“The Prime Minister of the Kingdom of Cambodia, Samdech Dekchor Hun Sen, chaired the event and waited to address all problems after they had been raised by the eight private sector groups. Then he dealt with the problems of the working teams for agriculture and for industry, relating to the export of agricultural products, even though it is recognized that there has been improvement in the commercial sector. Before the private sectors can export anything, they have to ask for permissions from many places, wasting much money and time. To export more than 200 tonnes of rice is even more difficult and takes even longer time. The private sectors needs to gain permissions from the Green Trade structure, that has the exclusive right to export rice. Then they need to ask for permission from many other ministries and institutions. Also, the working teams mentioned that for the transportation of livestock from Preah Vihear to Phnom Penh this process required to cross up to 37 check points, and companies have to pay both official and unofficial money at all those posts. Therefore, they asked the government to eliminate these activities.

“Regarding these issues, Samdech Dekchor Hun Sen said that such type of unimportant checkpoints should be abolished at all levels, especially when such activities are carried out by institutions which are not authorized for this, and he called to abolish such licenses required by unnecessary institutions, so that export business becomes more competitive exporting agricultural products of Cambodia.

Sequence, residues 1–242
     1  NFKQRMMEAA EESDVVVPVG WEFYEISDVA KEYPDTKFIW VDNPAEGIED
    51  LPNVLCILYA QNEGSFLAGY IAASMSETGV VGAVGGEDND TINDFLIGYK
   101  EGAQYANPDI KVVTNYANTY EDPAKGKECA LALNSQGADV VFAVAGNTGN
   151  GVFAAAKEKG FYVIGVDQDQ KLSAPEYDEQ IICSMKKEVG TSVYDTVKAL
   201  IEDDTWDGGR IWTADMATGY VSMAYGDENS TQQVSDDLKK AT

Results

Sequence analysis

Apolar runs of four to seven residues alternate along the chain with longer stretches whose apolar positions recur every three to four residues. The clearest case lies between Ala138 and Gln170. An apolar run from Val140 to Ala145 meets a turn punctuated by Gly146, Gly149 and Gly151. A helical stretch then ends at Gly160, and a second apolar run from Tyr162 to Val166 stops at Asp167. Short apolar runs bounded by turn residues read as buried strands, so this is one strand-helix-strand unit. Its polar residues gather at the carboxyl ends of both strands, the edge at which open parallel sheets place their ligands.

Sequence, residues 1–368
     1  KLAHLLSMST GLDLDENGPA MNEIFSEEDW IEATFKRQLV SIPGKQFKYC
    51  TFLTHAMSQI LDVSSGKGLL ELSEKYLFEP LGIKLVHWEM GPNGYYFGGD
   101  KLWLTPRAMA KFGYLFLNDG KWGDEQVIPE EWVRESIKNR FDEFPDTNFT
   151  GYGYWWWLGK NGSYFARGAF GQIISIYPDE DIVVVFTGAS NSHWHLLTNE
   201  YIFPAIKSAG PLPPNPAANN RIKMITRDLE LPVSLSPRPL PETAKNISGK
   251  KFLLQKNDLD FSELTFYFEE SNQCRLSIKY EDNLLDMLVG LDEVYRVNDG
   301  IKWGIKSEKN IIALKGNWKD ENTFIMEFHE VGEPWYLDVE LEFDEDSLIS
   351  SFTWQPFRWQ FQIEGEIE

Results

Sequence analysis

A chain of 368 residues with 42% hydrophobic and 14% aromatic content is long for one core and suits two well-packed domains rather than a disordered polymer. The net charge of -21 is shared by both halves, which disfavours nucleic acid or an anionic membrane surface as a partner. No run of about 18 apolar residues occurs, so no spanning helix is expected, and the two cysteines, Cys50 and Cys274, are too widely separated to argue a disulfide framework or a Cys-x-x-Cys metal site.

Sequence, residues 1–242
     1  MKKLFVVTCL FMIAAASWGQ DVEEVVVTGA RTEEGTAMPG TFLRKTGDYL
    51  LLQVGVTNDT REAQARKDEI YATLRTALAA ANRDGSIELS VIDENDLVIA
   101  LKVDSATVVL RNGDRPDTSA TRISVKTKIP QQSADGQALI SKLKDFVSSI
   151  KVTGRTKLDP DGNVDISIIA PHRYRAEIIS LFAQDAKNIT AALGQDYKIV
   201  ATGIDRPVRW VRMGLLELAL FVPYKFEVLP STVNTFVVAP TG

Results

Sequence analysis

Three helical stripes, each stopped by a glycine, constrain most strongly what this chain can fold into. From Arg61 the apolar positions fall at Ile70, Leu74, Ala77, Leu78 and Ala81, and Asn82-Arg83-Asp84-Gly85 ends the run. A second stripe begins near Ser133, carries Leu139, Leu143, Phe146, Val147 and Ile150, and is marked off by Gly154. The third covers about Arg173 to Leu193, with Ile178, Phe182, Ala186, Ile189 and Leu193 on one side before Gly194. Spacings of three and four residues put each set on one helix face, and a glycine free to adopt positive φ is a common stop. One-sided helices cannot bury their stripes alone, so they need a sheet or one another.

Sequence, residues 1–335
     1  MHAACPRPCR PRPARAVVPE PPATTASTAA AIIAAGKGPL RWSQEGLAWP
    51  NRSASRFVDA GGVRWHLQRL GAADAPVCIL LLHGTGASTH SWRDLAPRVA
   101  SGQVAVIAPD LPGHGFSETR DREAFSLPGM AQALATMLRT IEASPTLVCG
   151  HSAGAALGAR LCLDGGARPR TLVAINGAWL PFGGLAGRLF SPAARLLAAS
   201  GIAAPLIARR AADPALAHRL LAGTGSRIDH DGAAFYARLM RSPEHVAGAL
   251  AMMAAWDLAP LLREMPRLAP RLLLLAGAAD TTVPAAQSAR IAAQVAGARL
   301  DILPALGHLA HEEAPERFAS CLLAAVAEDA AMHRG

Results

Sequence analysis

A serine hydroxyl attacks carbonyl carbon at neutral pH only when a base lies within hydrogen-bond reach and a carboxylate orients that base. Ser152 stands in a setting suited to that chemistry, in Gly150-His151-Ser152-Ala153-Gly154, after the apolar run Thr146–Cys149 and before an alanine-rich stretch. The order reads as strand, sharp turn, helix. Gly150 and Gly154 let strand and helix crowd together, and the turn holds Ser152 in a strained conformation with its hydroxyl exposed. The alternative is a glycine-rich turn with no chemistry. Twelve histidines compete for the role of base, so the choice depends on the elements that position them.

“As for the tourism working team, Mr. Ho Vandy asked the government to reduce the price of plane tickets of Cambodia Angkor Air from Phnom Penh to Bangkok, to allow flights from Bangkok to Siem Reap, and to add another flight from Phnom Penh to Siem Reap, and to begin local flights between Siem Reap and to Sihanoukville.

“In response, Samdech Dekchor Hun Sen said that Cambodia adheres to a free market economy. Thus, the government cannot set prices of flights as it is done in a planned economy. In relation to the request to begin flights between Siem Reap and Sihanoukville, he said that the government does not provide exclusive rights to Cambodia Angkor Air, and other companies can operate direct flights. He encouraged Mr. Ho Vandy – if he could make any airline to start direct flights to Sihanoukville he will request that Mr. Vandy should get a medal for this incentive.